Shallow Natural Gas Occurrences in Quaternary Deposits in North Dakota
Fred J. Anderson1, John P. Bluemle2, David W. Fischer3, and Edward C. Murphy1
1 North Dakota Department of Mineral Resources, Bismarck, ND
2 Minerals Diversified Services, Bismarck, ND
3 Fischer Oil and Gas, Inc, Grand Forks, ND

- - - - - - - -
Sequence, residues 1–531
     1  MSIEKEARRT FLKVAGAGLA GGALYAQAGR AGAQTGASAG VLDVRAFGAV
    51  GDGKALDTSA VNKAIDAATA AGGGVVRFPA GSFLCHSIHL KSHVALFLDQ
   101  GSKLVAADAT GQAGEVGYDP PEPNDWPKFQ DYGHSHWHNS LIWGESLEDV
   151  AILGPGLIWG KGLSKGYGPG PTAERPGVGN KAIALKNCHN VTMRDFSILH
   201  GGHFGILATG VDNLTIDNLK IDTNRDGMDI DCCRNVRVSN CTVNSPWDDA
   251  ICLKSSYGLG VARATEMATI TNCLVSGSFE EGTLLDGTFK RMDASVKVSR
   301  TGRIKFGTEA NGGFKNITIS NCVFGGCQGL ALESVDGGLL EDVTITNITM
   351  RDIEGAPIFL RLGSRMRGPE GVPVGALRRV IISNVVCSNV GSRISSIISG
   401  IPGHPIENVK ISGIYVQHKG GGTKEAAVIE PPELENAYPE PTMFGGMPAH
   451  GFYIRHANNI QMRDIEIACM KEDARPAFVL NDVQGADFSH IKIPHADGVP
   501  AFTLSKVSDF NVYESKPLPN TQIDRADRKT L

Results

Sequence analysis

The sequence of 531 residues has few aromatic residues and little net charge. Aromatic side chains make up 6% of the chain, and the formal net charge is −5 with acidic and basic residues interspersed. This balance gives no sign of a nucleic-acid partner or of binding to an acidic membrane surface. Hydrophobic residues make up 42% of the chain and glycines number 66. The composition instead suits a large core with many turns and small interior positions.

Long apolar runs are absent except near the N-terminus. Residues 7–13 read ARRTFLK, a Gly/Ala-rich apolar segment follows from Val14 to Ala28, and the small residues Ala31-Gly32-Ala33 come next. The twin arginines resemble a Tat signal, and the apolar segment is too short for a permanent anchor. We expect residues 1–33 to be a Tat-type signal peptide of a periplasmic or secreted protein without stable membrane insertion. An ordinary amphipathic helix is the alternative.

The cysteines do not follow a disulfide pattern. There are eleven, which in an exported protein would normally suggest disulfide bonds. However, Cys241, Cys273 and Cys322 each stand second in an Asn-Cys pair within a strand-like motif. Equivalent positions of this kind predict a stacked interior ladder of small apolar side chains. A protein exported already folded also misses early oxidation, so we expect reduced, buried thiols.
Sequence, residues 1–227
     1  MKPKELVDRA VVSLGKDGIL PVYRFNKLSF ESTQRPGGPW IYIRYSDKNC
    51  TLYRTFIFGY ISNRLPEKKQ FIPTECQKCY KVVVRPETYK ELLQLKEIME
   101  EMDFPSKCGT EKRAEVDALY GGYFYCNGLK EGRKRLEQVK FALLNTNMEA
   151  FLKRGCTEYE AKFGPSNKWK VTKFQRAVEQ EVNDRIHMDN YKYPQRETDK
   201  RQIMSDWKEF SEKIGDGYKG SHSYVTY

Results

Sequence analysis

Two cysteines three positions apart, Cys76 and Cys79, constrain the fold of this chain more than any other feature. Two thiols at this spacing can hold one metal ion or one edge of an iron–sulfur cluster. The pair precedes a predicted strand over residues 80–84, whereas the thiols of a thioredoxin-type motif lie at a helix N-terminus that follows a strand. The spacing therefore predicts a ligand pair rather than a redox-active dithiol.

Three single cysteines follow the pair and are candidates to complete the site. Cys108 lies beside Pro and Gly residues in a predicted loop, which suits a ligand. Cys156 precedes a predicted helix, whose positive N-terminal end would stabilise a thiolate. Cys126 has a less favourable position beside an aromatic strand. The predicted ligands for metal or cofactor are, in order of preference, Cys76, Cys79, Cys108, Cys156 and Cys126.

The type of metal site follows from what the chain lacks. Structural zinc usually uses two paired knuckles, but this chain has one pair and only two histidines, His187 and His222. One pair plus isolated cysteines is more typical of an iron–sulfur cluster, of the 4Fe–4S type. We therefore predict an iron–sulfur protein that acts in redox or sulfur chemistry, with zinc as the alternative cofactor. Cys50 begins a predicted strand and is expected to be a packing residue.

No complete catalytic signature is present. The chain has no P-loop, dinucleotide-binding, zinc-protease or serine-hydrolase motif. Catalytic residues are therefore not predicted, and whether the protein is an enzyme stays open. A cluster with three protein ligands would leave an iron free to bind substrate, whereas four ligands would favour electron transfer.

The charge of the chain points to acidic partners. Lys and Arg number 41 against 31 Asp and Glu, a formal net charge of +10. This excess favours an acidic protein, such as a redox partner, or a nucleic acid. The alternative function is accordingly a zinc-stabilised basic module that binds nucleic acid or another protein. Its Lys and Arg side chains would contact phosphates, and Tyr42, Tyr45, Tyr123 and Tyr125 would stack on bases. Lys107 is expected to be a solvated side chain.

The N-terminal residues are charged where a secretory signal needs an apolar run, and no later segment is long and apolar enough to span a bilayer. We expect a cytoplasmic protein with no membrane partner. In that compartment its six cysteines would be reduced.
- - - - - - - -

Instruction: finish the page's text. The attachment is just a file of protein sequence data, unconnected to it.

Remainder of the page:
Shallow natural gas occurs within several near surface geologic environments in North Dakota. Occurrence has been observed or inferred to originate within glacial sediments accumulating as the result of glaciotectonic processes and anthropogenic means. Historically, gas has been produced from fields in Renville and Bottineau Counties. Geologic conditions and potential sourcing consist of a subcrop of Cretaceous marine sediments scoured and mantled by glacial sediments with contained organics as a potential source. Glaciotectonic ice-thrust masses, several square kilometers in areal extent, and structures within Cretaceous units, may impose structural control on shallow subsurface fluid flow. The advance and retreat of glacial ice across the northern Great Plains and subsequent sediment unloading may influence development of horizontal partings and vertical fracturing within glacial sediments and underlying sedimentary strata providing conduits for shallow gas flow. Gas-rich deposits of sodium sulfate up to 80 feet thick beneath 15 playa lakes in northwestern North Dakota consist primarily of black, organic-rich clays and crystalline layers of sodium sulfate of Holocene age. Borehole gas emanations and gas pockets beneath salt layers were observed along with gas escaping from vents on the bottom of Miller Lake in Divide County. Anthropogenic methane generation within landfills occurs in Minot, Harvey, Williston, Grand Forks, and Hillsboro representing a local gas resource with more than 400 cfm of gas extracted from a recently installed gas collection system in Fargo. Over 300 MCF of gas has been used locally, since system construction, as an alternative industrial fuel source.